but did provide two declarations describing Vista's  verification 
practices.  According  to  one declaration,  Vista  followed  its 
established complaint investigation procedures by contacting  the 
independent third party verification  firm that had verified  the 
CUM Save `N  Share authorization, Quick  Response, and  confirmed 
that it had received ``a good verification'' for the CUM Save  `N 
Share account.19  The declaration from the Operations Manager  of 
Quick  Response  describes  the  business  practices   (training, 
monitoring, script verification) that Quick Response used  during 
the time frame  that it  performed third  party verifications  on 
behalf of Vista.20 Based on  this description, Vista argues  that 
the script used during the time  of the CUM Save `N Share  switch 
was the  same as  that used  for the  verifications of  the  four 
accounts where  the Commission  determined that  no  unauthorized 
conversion had taken place.21 
     
          As we  emphasized in  the Forfeiture  Order,  liability 
must be  determined  on  the  facts  and  circumstances  of  each 
individual case.22  We  uphold our determination  that Vista  did 
not  provide  evidence  adequate  to  counter  the  complainant's 
allegation that it did not  authorize Vista to change its  PIC.23  
When we examine the  declarations, we see that  the one from  the 
Quick  Response  manager  was  very  general,  giving  only   the 
procedures it purportedly  used for all  the verification  calls, 
and did not address the specific verification at issue, CUM  Save 
N'  Share.   The  Vista  employee  reiterated  Quick   Response's 
business practices, but also  admitted that there was  apparently 
no verification by the complainant to change the company's PIC to 
Vista.24  Thus,  Vista's  declarations  describing  its  business 
practices do not, in  light of the  complete record, persuade  us 
that Vista had obtained the complainant's authorization to switch 
preferred carriers.  We  therefore find that  Vista violated  the 
Act when it switched CUM Save N' Share's service.

          Vista also argues that because Commission rules do  not 
require carriers to keep verification tapes, we cannot find Vista 
liable for its failure to submit  a tape of CUM Save N'  Share.25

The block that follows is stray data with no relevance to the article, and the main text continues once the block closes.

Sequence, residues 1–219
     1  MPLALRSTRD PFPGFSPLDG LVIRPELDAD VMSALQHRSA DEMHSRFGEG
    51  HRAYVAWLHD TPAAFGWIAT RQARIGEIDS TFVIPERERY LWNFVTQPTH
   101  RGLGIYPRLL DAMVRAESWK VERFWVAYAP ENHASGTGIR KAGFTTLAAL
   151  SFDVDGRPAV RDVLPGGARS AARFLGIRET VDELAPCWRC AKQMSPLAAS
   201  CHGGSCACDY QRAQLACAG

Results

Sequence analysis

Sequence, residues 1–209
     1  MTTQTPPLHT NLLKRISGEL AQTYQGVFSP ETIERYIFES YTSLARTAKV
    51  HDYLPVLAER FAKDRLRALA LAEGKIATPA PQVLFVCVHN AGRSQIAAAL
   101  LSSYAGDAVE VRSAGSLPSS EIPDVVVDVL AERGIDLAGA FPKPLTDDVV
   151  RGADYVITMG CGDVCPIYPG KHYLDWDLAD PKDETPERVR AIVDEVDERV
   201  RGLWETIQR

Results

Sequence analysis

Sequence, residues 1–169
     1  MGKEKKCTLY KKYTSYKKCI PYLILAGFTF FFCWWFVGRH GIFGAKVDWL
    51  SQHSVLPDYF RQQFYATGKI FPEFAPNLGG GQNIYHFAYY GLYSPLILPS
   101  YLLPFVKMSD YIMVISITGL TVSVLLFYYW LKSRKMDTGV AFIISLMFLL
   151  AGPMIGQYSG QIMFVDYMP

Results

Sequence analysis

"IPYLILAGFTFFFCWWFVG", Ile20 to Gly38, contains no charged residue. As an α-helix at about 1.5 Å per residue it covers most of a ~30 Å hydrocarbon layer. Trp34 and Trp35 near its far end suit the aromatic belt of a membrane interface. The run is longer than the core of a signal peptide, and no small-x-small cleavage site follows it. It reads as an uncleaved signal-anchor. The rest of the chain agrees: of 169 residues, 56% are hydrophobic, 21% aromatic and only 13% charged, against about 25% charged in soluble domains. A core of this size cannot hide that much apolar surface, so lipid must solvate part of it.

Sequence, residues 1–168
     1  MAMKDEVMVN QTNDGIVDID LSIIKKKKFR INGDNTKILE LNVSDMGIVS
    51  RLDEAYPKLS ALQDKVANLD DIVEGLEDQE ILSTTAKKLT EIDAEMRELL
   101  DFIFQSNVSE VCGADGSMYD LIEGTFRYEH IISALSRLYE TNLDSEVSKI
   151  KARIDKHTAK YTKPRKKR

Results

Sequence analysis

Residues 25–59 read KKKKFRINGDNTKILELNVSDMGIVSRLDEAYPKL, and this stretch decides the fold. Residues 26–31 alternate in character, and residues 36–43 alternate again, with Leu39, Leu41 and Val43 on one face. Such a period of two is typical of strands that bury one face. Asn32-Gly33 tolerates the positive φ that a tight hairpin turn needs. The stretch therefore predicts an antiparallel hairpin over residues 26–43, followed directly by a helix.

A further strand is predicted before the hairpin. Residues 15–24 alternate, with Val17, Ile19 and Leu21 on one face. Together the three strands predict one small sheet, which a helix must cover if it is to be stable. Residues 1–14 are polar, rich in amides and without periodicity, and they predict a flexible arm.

As discussed above, we found Vista liable, not because it  failed 
to produce a confirming  tape, but because  it failed to  provide 
substantive evidence to counter the complainant's allegation that 
Vista changed its PIC without authorization.  We therefore reject 
Vista's contention. 

B.   Liability  Assessed  in  the  W.F.  Magann  Corporation  and 
Colorado Partnership Complaints

          Vista  also  argues   that  it  should   not  be   held 
responsible for the slamming  violations based on the  conversion 
of W.F. Magann Corporation and Colorado Partnership's PICs. Vista 
admits  that  these  PIC  changes  were  unauthorized.   Magann's 
preferred carrier was switched based upon ``verification'' by  an 
individual impersonating Ms. Ricki Bittle from Magann.26  As  the 
record indicates, not only was it  not Ms. Bittle's voice on  the 
verification tape  but all  of the  information on  the tape  was 
incorrect, including  the spelling  of  her name,  her  company's 
current  long-distance  carrier,  her  company's  monthly   long-
distance usage,  and her  birthdate.27  Vista  also  acknowledges 
that Colorado  Partnership's preferred  carrier should  not  have 
been switched because  the verification tape  indicates that  the 
consumer  did  not   agree  to  the   switch.28   Vista   argues, 
nonetheless, that in both instances,  Vista was unaware of  these 
inadequacies and  had taken  all the  precautions it  could  have 
under  the  circumstances.29   It   argues  that  the  level   of 
responsibility that the Commission imposes  on carriers is . .  . 
``unrealistic and unattainable . . .''30  
          Vista's arguments on these issues fail.  Section 217 of 
the Act deems ``the act, omission or failure of any . . .  person 
acting for or employed by'' any  carrier to be the act,  omission 
or failure of  that carrier.31   As explained  in the  Forfeiture 
Order, this  language clearly  extends to  the entities  ``acting 
for''  Vista  in   securing  PIC-change  authorizations.32    The 
verification problems encountered  here indicate  that Vista  did 
not have the consumers' authorization to make a switch in  either 
case.  In the Magann situation, the imposter who was subsequently 
recorded in  a conversation  with  Vista's third  party  verifier 
clearly  could   not   have  granted   the   initial   PIC-change 
authorization.   Because  the  tape  of  Colorado   Partnership's 
``verification'' shows  that  the  complainant did  not  want  to 
change her PIC, the complainant  again could not have  authorized 
the PIC change.   In the Forfeiture  Order, the Commission  found 
that Vista violated the Act by changing the complainants' service 
when Vista failed to obtain authorization before the verification 
calls.33  The Forfeiture Order did not find that Vista had proper 
authorization  and   then   simply  failed   to   obtain   proper 
verification.  None of Vista's  arguments persuade us that  Vista 
is not ultimately  responsible for the  unauthorized PIC  changes 
that occurred.  

          Vista also  argues  that  it should  not  be  found  in 
violation of the Act  for these unauthorized conversions  because 
it followed the Commission's rules,  and lacked intent to  change